Chicago Theatre Review
Ain’t Nobody Lost on This Highway
Hank Williams: Lost Highway – American Blues Theater
Hank Williams is more than a country and western singer; rather, he is a musical deity, a towering figure of such musical genius that his musical blueprint, much like those of Woody Guthrie, Bob Dylan, Miles Davis, and Louis Armstrong, is forever etched into our American identity – therefore, it high praise that the latest staging of “Hank Williams: Lost Highway” by the American Blues Theater not only sufficiently honors Williams’ memory, but offers a pitch-perfect portal into the man’s genius, demons, and, of course, his music.
Succinctly portraying the meteoric rise and fall of Williams, “Lost Highway” follows the exploits of Williams, his band, and his family, as they tour through rugged Southern bars and performance halls on their way to the Grand Ole Opry stage in Alabama, which served as Williams’ portal to American audiences – that is, until his alcoholism, addiction to pain medications, and other reckless behaviors sidelined his musical career, wrecked his marriage, and led to his criminally early death at the age of 29.
But despite the rather dark nature of the material, “Lost Highway” is among the most entertaining two hours of theater that I have ever experienced, and that is no doubt due to the music, to Williams’ incredible music, all of which is perfectly recreated by the play’s cast. And I do mean by the play’s cast. Though it has become fashionable in Hollywood and other more popular outlets to cast actors and performers in musical material who lack any decisive talent in, well, music, “Lost Highway” positively revels in the talents of its cast, and Matthew Brumlow (who aptly plays Williams), Matthew Brumlow, Austin Cook, Greg Hirte, Michael Mahler, and John Crowley not only sing every note of music that you hear in the show, but they also play their own instruments, pounding out a clean, immaculate country blues sound that truly brings Williams’ music to light.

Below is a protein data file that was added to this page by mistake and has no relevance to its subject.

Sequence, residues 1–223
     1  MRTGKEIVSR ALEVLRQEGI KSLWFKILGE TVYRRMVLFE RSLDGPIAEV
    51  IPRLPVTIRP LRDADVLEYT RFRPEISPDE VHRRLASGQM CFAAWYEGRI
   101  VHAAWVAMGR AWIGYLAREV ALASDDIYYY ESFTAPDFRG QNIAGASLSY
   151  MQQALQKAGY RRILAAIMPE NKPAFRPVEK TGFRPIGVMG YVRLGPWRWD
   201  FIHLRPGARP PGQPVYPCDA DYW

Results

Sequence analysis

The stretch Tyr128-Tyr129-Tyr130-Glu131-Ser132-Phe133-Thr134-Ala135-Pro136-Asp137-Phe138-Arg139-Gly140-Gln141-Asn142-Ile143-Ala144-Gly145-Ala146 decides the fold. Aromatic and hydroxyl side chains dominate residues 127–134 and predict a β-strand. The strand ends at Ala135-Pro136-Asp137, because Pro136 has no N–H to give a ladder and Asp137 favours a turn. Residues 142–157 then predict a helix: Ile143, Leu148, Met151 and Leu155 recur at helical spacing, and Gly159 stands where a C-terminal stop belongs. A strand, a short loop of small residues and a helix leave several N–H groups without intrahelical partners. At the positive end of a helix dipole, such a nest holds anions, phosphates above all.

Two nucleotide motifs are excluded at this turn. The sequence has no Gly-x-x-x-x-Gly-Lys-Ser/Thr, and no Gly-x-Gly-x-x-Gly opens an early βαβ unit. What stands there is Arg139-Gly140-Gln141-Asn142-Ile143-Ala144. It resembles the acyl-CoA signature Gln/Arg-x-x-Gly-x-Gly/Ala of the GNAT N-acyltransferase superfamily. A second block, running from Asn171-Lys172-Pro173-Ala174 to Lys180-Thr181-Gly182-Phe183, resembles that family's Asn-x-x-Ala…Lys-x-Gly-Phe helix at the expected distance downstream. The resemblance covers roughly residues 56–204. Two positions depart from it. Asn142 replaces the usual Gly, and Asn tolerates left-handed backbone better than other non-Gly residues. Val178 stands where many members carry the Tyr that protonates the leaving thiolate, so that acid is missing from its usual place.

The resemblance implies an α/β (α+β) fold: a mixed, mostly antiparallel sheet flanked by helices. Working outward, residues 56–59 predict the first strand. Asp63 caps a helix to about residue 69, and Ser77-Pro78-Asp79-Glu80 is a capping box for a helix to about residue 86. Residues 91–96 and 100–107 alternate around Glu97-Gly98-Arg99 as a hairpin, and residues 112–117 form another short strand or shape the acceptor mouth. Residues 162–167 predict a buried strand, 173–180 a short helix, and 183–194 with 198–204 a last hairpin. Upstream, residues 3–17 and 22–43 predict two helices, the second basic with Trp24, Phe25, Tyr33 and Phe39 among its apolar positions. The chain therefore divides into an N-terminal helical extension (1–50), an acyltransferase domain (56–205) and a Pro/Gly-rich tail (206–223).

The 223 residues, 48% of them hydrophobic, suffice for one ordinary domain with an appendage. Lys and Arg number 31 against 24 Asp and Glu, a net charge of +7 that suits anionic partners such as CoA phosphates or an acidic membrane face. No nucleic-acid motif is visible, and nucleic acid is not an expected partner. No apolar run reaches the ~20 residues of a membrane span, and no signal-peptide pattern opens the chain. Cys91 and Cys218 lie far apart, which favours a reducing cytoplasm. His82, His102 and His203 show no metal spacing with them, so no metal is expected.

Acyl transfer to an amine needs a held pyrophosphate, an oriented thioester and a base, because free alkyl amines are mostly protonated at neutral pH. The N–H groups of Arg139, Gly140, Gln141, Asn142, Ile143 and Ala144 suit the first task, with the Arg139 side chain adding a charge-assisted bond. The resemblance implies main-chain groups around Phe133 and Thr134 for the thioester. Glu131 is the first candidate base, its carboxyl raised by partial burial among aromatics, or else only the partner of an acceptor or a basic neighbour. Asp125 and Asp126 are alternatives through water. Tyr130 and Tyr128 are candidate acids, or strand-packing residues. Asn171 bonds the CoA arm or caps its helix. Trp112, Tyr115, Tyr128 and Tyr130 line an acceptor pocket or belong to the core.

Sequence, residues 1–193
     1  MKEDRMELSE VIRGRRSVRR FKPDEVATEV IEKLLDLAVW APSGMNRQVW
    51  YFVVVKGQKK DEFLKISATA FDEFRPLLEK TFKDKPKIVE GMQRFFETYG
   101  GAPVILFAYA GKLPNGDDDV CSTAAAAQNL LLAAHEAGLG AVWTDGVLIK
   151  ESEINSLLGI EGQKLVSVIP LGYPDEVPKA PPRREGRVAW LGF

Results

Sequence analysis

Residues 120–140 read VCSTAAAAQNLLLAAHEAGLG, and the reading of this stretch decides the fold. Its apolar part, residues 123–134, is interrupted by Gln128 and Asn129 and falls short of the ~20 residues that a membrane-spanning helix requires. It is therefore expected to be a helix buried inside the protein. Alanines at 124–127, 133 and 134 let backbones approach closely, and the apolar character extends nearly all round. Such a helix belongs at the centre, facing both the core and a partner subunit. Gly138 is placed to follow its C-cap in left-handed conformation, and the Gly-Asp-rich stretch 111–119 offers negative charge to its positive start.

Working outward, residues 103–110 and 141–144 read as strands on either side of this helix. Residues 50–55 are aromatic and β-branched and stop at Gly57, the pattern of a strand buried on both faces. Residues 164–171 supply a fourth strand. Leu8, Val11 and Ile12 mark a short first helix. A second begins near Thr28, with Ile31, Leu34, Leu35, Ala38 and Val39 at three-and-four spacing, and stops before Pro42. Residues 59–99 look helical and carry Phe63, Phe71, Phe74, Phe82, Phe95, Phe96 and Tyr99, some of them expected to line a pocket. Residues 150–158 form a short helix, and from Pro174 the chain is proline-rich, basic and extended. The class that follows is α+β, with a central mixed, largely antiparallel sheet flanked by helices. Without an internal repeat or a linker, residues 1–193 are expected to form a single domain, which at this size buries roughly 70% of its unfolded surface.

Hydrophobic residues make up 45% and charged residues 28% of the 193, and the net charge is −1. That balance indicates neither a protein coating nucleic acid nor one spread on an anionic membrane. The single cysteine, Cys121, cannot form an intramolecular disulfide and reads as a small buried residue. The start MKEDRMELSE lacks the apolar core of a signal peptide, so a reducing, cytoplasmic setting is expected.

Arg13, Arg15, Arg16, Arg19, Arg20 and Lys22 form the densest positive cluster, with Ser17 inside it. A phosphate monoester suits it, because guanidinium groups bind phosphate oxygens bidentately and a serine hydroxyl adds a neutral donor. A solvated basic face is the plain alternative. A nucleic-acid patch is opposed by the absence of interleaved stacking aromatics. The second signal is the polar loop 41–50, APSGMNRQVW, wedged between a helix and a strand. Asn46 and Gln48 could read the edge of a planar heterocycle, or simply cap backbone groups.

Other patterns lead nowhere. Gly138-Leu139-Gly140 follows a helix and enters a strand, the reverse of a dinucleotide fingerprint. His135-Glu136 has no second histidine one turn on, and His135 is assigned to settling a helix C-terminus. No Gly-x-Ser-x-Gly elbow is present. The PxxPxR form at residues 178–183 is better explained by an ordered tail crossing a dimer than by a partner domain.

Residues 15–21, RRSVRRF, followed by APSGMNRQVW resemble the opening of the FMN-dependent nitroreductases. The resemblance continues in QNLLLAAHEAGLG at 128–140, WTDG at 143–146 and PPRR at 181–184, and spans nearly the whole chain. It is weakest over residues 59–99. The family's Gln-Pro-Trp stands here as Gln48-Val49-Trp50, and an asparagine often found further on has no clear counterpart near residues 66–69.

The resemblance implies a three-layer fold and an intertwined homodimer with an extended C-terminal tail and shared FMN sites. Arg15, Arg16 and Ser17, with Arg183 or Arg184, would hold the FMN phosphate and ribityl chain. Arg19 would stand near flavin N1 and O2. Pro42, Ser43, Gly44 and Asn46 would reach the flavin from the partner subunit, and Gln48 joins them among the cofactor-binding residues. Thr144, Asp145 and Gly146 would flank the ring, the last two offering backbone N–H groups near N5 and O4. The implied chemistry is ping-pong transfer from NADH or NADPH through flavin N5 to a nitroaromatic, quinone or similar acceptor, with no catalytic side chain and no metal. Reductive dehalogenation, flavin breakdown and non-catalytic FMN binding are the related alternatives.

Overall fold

Indeed, it’s an absolute joy to watch these performers interact with one another on the stage, and by the end of the performance, I’d submit that the audience would have been willing to hear another two hours of music, had they been given the opportunity. Wry, sincere, and above all genuine, “Lost Highway” is not a show to be missed.
Reviewed by Peter Thomas Ricci
Presented August 30 – October 6 by American Blues Theater, 2257 N. Lincoln Avenue, Chicago IL 60614
Tickets are available by calling 773-404-7336 or by visiting americanbluestheater.com
Additional information about this and other spectacular area productions is available at the one, the only, the indefatigable www.theatreinchicago.com.